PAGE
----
Terms and Conditions for High Budget SVOD

    Under the new agreement, all terms and conditions of the TV Film Agreement will apply to original and derivative dramatic programs made for initial exhibition on subscription streaming platforms when such programs meet the following budget thresholds: a) $1.3 million for a 20-35 minute program; b) $2.5 million for a 36-65 minute program; and c) $3 million for a program 66 minutes or longer. Formerly, the producers were permitted to freely negotiate wages and conditions of streaming production projects with musicians directly, which sometimes led to the imposition of conditions of employment that were below those considered to be industry standard, and thus unacceptable.

    Screen Credits on Theatrical Motion Pictures and Certain High Budget SVOD Programs

    For the first time in history, producers have agreed to accord screen credits to musicians employed in the scoring of theatrical motion pictures, and also for high budget SVOD productions of 96 minutes in length or more, with a budget over $30 million ($45 million for animated SVOD programs). With the proliferation of screen credits over the past four decades, and with credit given to practically everyone associated with a production except the musicians who perform the score, requiring the inclusion of scoring musicians in the credit roll of a production was one of the Federation’s top priorities.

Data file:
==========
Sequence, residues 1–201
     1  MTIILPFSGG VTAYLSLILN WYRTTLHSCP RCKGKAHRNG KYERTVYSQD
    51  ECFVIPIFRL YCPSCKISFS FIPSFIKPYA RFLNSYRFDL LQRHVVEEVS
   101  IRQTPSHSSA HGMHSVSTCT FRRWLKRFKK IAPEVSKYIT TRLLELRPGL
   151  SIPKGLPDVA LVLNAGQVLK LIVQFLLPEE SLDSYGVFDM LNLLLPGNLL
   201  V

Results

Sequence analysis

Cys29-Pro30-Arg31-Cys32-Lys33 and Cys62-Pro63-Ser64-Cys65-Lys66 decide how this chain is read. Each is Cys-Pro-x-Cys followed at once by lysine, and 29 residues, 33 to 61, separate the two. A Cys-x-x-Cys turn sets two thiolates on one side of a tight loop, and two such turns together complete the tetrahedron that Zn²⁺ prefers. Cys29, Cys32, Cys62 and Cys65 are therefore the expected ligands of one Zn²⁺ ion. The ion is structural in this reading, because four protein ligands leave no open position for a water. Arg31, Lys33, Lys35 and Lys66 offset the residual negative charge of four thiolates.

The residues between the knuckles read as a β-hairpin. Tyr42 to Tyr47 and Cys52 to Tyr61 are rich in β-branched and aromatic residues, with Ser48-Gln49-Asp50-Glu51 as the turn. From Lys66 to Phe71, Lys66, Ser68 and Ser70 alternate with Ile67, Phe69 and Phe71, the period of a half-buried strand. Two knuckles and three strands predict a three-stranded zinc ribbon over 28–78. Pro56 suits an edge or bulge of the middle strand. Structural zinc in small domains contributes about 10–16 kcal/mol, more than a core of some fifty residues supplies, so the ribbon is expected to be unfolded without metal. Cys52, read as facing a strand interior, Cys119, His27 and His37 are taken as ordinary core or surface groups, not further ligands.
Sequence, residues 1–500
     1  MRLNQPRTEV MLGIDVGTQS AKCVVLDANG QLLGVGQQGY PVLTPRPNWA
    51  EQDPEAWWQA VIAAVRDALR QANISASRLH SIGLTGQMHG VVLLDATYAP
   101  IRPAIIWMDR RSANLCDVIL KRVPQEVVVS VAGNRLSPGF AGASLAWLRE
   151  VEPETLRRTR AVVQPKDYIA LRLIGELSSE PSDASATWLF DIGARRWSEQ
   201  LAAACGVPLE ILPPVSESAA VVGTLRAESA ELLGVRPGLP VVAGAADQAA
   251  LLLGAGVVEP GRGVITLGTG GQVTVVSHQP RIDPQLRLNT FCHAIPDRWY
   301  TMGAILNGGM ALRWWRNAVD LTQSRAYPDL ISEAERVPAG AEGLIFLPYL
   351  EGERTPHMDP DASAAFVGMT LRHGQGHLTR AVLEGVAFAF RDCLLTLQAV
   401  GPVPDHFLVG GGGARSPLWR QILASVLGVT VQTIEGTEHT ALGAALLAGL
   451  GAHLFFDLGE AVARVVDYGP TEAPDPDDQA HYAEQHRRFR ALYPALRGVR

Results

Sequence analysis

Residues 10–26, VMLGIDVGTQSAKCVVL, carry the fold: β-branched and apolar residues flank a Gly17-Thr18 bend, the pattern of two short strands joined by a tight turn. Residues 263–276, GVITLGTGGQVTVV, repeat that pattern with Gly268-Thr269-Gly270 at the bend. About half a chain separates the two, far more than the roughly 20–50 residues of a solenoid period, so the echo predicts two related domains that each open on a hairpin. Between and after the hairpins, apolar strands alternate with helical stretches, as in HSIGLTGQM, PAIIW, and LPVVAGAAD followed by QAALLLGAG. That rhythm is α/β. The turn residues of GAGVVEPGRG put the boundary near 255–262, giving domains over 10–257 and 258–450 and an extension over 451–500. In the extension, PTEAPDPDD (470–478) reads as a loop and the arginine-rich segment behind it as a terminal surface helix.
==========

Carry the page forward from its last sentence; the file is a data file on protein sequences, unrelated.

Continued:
The producers introduced a number of onerous proposals, many of which they tried and failed to achieve in the last negotiating season, that the Federation rejected and that the producers eventually withdrew.